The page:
Huhta followed her heart into the military
Staff Sergeant Miriam Huhta celebrated her 25th birthday Oct. 12 with a turbulent plane ride from Minneapolis to Brainerd, beginning a two-week leave from duty in Iraq. The four-day journey home took her from Kuwait to Germany to Atlanta to Minneapolis and finally Menahga.
Huhta's mother and aunt welcomed the Sebeka native back shortly after she landed. And the freezing temperatures reminded Huhta that she had definitely arrived in Minnesota. "Well, my first reaction was that I could not remember the last time I had been cold," she said. "When I arrived in Brainerd, it was snowing. It was probably 110 [degrees] in Kuwait -- quite a contrast."
She was a long way from Iraq and a short distance from home during her bumpy plane ride, but remained linked to both places.
"I was feeling very reflective," she said recalling the ride to Brainerd. "I was thinking of where I had come from and where I was coming back to."
The trip alone in the back of the low-flying commuter plane was an unsettling experience, Huhta said, and she almost became air sick for the first time in her life. Her thoughts, however, often settled on her comrades in arms.
"[I was] hoping that it would all go well with my buddies while I was gone," she said.
Huhta's two-week return to her large family in Sebeka and Menahga was a welcome removal from war-torn Iraq, although the temporary release from military duties was not an escape from military concerns. Indulging in some much-needed pampering, speaking at her old elementary school, catching up with family and recalling why she joined the Army National Guard occupied her freedom-filled days. But as Huhta returned to her community, she remained focused on her military mission and the soldiers she serves with on a base 60 miles north of Baghdad.
Traces of Iraq remained as a physical and psychological presence for Huhta throughout her leave, even after she removed the uniform she had worn traveling for four days. During a visit to Regis Hair Salon in Brainerd, the stylist had to strip built-up minerals out of Huhta's hair, she said. While she enjoyed the removal of desert remnants from her blonde locks, a trip to a tanning salon served as a link back to desert heat.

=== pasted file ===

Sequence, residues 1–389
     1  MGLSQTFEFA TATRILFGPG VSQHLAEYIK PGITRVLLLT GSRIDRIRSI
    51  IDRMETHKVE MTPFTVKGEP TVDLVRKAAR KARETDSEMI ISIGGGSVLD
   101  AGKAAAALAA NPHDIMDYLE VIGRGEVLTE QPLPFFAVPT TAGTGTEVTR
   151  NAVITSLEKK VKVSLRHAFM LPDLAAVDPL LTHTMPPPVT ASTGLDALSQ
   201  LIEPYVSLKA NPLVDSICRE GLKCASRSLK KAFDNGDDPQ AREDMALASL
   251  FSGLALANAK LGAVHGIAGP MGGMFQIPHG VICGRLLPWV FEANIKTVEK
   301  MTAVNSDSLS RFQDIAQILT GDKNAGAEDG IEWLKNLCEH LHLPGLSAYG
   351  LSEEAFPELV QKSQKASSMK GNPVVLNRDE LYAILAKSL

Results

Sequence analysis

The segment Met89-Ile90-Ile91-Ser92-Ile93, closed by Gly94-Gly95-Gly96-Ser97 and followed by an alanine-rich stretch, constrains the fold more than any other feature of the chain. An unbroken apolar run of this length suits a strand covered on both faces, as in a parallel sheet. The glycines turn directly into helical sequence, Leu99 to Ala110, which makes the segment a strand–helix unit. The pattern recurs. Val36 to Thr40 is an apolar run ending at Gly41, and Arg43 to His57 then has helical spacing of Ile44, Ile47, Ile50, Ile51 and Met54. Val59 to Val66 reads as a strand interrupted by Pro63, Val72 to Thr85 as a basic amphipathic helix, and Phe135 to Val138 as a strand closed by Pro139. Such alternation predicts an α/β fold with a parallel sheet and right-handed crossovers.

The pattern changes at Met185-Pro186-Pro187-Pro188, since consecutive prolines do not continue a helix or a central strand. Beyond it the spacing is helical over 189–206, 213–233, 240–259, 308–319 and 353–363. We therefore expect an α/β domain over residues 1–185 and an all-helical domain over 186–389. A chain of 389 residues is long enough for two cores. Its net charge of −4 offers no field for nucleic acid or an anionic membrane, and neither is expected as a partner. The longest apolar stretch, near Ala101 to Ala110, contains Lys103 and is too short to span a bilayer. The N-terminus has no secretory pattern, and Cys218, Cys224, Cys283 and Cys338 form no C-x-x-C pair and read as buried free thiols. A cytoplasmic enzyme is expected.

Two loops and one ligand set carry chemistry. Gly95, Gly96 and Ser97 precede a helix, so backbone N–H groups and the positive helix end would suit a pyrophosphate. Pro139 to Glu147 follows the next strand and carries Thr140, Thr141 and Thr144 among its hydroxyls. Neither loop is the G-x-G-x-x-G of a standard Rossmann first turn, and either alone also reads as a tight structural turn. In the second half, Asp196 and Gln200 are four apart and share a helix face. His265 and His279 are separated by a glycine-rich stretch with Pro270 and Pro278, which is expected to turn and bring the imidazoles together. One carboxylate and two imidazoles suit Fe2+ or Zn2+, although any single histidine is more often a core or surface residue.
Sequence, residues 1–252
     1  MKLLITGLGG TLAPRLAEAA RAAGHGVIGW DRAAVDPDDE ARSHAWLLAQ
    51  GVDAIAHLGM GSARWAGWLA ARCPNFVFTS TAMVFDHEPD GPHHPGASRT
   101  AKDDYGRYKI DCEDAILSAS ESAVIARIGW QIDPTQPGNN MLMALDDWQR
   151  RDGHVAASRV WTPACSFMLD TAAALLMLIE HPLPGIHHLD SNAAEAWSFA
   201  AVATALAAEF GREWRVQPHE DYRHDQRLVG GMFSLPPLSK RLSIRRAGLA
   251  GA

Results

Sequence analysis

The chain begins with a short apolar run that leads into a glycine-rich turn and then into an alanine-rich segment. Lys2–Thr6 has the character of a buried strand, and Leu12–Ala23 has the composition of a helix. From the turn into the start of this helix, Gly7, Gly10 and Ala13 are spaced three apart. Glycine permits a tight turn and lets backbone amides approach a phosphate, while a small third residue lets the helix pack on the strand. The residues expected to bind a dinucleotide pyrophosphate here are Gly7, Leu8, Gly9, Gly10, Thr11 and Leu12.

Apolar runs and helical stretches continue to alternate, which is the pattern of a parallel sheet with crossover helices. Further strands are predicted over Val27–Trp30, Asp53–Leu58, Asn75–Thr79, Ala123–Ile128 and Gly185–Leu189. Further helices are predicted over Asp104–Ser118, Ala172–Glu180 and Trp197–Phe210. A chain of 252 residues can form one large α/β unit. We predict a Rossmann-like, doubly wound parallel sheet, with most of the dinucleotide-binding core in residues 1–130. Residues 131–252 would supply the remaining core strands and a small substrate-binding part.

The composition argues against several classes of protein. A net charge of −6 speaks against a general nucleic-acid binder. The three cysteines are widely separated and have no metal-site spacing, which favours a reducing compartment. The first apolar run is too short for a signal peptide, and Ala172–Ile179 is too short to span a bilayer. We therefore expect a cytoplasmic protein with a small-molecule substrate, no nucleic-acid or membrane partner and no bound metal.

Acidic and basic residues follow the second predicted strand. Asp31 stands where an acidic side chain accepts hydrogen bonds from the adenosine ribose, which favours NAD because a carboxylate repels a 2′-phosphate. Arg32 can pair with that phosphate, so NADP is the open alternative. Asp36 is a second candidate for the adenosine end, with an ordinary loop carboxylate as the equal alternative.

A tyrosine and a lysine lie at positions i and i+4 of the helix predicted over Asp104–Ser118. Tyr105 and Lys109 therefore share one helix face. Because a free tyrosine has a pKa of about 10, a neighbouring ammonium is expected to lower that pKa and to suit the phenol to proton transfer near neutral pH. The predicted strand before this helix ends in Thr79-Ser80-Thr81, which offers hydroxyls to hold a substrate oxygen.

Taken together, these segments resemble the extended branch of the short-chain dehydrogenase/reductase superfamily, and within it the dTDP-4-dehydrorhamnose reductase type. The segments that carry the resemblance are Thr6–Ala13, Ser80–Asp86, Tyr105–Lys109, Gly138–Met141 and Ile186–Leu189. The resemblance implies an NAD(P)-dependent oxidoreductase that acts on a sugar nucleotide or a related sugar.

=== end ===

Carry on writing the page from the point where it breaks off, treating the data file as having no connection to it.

"[It] felt really nice to be warm again, but I stayed in there a little too long," she said as she rubbed a sunburned patch underneath her uniform.
Huhta wore civilian clothes during her leave, but put on military gear for speaking engagements with students at the Sebeka and Menahga elementary schools who sent letters to her overseas. Some of Huhta's former teachers addressed her as "Mimi," the name they knew her by as a child, rather than by her rank and the "Huhta" embroidered in black letters on her uniform. Wearing her camouflaged fatigues without carrying an M-16, her constant companion in Iraq, was a strange experience, she said.
"It felt like I was missing something," Huhta said.
The students asked questions such as if she had shot any bad guys and if it was hot over there.
Huhta took time to visit her old school and share her experiences with the community, but she primarily focused on her family during her leave.
A party last Tuesday to welcome Huhta home and celebrate her birthday served as an opportunity to reconnect with local relatives, eat cake and open presents. The family gathering in the basement of a Menahga assisted living complex took place the Tuesday before Huhta's Saturday, Oct. 28, departure for Iraq.
"It was nearly a going-away party, too," she said. "I had seen most of them at least in passing, but it was kind of nice to get all together. [There was] lots of hugs and love."
Huhta ate her favorite angel food cake and opened gifts, including a journal to take back to Iraq, drawing supplies and a dish with a message encouraging its owner to follow her dreams.
And last December, Huhta discovered evidence that she is following teenage dreams of serving her country when she unpacked a stash of ragged-edged notebook paper lined with her handwriting. She said she wrote many patriotic "poems and passionate essays" during her formative years in the mid-90s.
"It was pretty interesting to find them, ... humorous too," she said. A deep admiration for patriotic involvement inspired the literary phase. Several of her aunts and uncles served in the military, and the Huhta children were taught to love their country.
"We grew up understanding the price of freedom and the fact that freedom isn't free," she said. "People have paid a costly price for hundreds of years."
She recalled sharing some of her patriotic dreams with a Finnish foreign exchange student the family hosted. "I remember telling her that I was going to join the Army," Huhta said. "She told me 'no you won't, girls don't do that.' I said 'you watch.' And she's like 'OK, write me when you join."
Huhta enlisted in the National Guard at age 20. She doesn't recall writing the Finnish student with the news of her entrance into the Army, however. She was in nursing school and working two part-time jobs when she logged onto 1800goguard.com, which led to a call from a recruiter. "I thought 'You know what? I'm going to do this,'" she said about her decision. In addition to patriotic impulses, Huhta joined because she desired adventure, she said. She did not feel challenged enough by school and work. "I wanted to do something to make a difference," Huhta said. "For the challenge ... of venturing into unknown territory."